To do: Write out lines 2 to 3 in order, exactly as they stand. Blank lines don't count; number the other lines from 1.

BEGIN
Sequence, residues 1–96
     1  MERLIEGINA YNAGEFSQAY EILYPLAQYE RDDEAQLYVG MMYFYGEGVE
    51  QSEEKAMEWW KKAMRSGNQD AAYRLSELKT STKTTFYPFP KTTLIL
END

     1  MERLIEGINA YNAGEFSQAY EILYPLAQYE RDDEAQLYVG MMYFYGEGVE
    51  QSEEKAMEWW KKAMRSGNQD AAYRLSELKT STKTTFYPFP KTTLIL